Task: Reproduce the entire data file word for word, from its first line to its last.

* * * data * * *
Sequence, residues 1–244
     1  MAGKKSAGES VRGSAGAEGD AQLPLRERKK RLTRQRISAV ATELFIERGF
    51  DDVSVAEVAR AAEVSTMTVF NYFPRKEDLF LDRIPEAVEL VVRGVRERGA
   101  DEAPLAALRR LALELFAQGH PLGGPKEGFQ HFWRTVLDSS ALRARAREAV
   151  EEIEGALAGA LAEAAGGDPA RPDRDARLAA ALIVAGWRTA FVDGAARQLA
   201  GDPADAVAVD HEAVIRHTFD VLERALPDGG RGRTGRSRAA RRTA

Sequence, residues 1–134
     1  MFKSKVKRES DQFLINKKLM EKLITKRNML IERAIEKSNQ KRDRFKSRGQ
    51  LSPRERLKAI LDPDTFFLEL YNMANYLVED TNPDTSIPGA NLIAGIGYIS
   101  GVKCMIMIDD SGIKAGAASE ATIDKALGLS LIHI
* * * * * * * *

Sequence, residues 1–244
     1  MAGKKSAGES VRGSAGAEGD AQLPLRERKK RLTRQRISAV ATELFIERGF
    51  DDVSVAEVAR AAEVSTMTVF NYFPRKEDLF LDRIPEAVEL VVRGVRERGA
   101  DEAPLAALRR LALELFAQGH PLGGPKEGFQ HFWRTVLDSS ALRARAREAV
   151  EEIEGALAGA LAEAAGGDPA RPDRDARLAA ALIVAGWRTA FVDGAARQLA
   201  GDPADAVAVD HEAVIRHTFD VLERALPDGG RGRTGRSRAA RRTA

Sequence, residues 1–134
     1  MFKSKVKRES DQFLINKKLM EKLITKRNML IERAIEKSNQ KRDRFKSRGQ
    51  LSPRERLKAI LDPDTFFLEL YNMANYLVED TNPDTSIPGA NLIAGIGYIS
   101  GVKCMIMIDD SGIKAGAASE ATIDKALGLS LIHI